The rapes on Page 9

A close look at the news reports of sexual offences tucked away on the inside pages

Scrutinising back issues of newspapers for lesser-known cases of sexual violence can be enlightening. But worrying, too. Photo: Saffu on Unsplash

Every day there occurs an undetermined number of incidents of rape and sexual violence across India. But only a small proportion of these are reported to the police, and of these, not every incident makes it into the newspapers.

How do we decide which incident should receive news coverage, and how much? Why is that most of the rape and sexual violence reported in the news media end up as one-off stories, not moving beyond the ‘breaking news’ stage?

The Kathua and Unnao cases have made me a more diligent newspaper reader. The above train of thought began because in the last few weeks, I have been flipping through multiple newspapers to know more about those cases. In the process, I have been noticing — perhaps because of the significant coverage provided to these two cases — the many other rape and sexual violence incidents that are tucked away on inside pages.

That some rape cases receive a great deal of attention while some do not is no secret. But to what extent does this happen?

Curious, I began looking at the back issues of two newspapers, the Dainik Jagran and The Indian Express. I looked at 30 days of coverage, from 10 April to 9 May 2018, and here’s what I found:

More than 80 per cent of the rape and sexual offence cases in both newspapers were one-off reports, with no follow-ups. None.

In the 30 days I looked at, Dainik Jagran reported 64 sexual offences. Out of these, 56 incidents (87.5%) were reported just once — on the day the story broke. In the same period, The Indian Express covered 59 rape cases, of which 49 stories were reported only once.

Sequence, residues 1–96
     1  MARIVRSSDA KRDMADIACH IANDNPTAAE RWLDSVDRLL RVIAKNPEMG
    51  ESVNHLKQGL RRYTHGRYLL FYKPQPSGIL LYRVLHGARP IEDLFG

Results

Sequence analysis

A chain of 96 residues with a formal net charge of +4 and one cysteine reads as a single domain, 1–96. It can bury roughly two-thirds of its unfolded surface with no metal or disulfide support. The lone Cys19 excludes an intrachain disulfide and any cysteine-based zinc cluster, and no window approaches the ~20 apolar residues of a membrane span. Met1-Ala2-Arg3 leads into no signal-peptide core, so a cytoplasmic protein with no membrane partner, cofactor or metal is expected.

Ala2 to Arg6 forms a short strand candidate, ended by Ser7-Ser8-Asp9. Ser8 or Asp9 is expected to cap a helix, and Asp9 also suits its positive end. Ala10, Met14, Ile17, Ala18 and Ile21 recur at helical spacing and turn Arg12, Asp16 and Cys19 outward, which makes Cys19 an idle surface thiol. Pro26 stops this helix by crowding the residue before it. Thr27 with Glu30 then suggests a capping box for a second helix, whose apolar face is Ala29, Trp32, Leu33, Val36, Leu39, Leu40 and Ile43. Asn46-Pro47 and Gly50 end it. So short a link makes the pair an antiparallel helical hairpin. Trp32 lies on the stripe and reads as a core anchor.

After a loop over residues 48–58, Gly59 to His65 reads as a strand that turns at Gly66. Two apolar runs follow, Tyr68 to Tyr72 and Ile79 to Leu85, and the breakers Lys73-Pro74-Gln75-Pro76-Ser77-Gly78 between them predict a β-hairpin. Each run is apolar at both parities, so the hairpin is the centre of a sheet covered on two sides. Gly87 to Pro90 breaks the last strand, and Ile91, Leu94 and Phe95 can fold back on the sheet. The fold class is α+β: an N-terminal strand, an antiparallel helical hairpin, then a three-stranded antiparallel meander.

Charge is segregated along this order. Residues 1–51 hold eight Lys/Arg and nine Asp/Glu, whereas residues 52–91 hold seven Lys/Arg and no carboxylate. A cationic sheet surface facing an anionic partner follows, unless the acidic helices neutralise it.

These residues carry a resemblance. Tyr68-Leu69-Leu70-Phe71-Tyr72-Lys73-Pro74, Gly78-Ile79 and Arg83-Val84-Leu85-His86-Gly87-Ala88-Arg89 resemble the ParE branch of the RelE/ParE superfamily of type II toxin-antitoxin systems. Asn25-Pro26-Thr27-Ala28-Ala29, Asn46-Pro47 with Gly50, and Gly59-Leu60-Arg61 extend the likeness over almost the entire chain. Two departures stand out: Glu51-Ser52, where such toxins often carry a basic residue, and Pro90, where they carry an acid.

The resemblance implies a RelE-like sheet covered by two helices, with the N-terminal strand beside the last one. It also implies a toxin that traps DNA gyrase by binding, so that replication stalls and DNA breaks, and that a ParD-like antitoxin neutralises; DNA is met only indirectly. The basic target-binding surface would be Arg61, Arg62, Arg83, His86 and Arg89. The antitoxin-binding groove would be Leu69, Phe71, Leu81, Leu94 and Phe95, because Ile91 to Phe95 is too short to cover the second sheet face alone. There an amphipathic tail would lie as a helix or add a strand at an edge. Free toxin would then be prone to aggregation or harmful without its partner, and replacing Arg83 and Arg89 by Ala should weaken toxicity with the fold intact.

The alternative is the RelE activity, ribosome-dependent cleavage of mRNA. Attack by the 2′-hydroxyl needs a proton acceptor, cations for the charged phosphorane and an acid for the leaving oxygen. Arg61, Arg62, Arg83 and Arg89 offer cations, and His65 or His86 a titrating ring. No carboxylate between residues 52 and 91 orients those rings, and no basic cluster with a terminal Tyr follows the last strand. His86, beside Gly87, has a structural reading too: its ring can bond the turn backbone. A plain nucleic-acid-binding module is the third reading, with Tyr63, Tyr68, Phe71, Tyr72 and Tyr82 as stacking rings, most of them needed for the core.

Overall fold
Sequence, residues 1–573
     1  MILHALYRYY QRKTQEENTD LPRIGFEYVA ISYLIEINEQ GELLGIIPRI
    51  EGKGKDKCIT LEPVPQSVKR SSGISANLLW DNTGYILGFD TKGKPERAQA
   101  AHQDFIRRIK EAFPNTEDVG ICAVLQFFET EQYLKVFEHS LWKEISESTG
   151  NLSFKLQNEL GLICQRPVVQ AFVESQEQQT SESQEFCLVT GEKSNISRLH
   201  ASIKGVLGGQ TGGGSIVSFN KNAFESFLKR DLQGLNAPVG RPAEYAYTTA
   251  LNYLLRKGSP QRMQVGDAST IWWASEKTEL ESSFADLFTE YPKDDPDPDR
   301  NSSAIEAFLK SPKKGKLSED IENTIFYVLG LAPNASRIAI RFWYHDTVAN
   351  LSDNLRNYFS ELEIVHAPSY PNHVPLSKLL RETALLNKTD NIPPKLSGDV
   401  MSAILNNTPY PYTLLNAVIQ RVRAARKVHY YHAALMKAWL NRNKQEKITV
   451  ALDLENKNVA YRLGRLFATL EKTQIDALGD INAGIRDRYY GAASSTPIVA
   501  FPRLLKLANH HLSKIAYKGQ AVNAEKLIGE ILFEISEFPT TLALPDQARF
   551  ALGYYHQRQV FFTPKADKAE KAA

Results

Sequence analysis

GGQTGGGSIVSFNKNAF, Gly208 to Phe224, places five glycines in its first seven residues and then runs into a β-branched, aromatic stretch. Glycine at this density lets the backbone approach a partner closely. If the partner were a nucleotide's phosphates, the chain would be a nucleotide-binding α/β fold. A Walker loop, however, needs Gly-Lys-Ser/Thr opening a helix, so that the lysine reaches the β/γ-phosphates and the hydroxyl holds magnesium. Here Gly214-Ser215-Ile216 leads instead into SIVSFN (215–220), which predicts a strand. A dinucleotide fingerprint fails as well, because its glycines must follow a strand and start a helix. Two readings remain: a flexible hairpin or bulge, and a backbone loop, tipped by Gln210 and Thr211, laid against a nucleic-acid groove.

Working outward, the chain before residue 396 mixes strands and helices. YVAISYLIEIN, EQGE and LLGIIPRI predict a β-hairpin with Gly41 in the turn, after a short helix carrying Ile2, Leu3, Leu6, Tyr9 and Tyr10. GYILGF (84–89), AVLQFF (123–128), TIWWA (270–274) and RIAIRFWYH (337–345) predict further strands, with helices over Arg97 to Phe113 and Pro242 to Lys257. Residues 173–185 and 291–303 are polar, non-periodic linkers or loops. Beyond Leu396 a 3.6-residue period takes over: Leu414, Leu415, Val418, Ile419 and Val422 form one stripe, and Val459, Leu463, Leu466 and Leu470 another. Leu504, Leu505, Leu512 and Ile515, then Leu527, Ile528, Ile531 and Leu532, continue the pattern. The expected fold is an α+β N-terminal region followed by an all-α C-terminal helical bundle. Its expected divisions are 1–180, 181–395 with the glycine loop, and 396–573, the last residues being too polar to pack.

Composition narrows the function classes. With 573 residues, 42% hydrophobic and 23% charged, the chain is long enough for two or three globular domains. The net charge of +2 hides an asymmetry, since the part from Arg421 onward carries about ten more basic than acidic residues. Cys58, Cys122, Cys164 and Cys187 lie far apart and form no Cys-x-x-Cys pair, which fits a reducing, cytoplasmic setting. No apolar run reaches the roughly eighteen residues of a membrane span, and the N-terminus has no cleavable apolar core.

The one-off stories mostly appeared on the third, fourth or ninth page of The Indian Express and on the fourth, fifth or sixth page of Dainik Jagran. They were reported from various states: Uttar Pradesh, Delhi, Odisha, Chhattisgarh, Maharashtra, Jharkhand, Rajasthan, Andhra Pradesh, Himachal Pradesh, and Jammu & Kashmir. There were a significant number of offences involving minors, including one about sexual assault of an eight-year-old boy.

Mostly, such one-off reporters were short. Single-column stories, 4–6 sentences, which informed the reader of the bare facts: a crime was committed, arrest or arrests were made (or not). The few cases that did make two-column stories carried a little more details, mostly pertaining to how the victim and accused knew each other, how the crime was committed, etc.

And in those five or six sentences, those incidents were wrapped up and forgotten.

On the other hand, when the national news media woke up to January’s Kathua rape-murder in April 2018, the story jumped from page nine of The Indian Express to the front page the next day. In the 30 days following the filing of chargesheet in the case, The Indian Express followed the incident with 43 headlines on various aspects. Dainik Jagran covered it 37 times.

Similarly, the Unnao rape case was covered by Dainik Jagran and The Indian Express 31 and 23 times, respectively, and the Madrasa rape case was followed up nine and six times respectively. The verdict in the rape case against one of India’s most prominent self-styled ‘Godmen’, Asaram Bapu, came about in the 30 days I was scrutinising the newspapers. Dainik Jagran reported on it nine times, while it showed up three times in The Indian Express.

I cannot say all this came as a major surprise. But one thing stood out for me: the indifference of the news media to rape.

Rape in itself is not news anymore. It is ordinary, normal, to be tucked away on Page 5 or 9, reported once, forgotten forever. Even rapes of minors — and it is worrying to note that sexual violences against children are everyday occurrences across India — are not noteworthy, unless accompanied by other factors.

Thinking about all this, I found more questions emerging than answers.

Is this news media apathy because of the sheer number of incidents occurring across the country — the normalisation of rape in our society?

Is the lack of follow-ups because of a lack of adequate reportorial resources?

Perhaps the bare-bone stories that I saw in the newspapers is a way of coping by the reporters involved — a way of keeping an objective distance and not getting close to what could be very disturbing incidents?

As a journalism student idealistic about the news media’s role in holding power to account and shedding light on social injustices, I could also not help thinking from the perspective of the victims and survivors.

Without the media bringing focussed attention to their cases, how many of them would get justice? How many cases would be closed or buried?

And, importantly, if the news media do not report on the survivors and their stories after the incident, how would others after them know that there is life after rape?

That there is hope?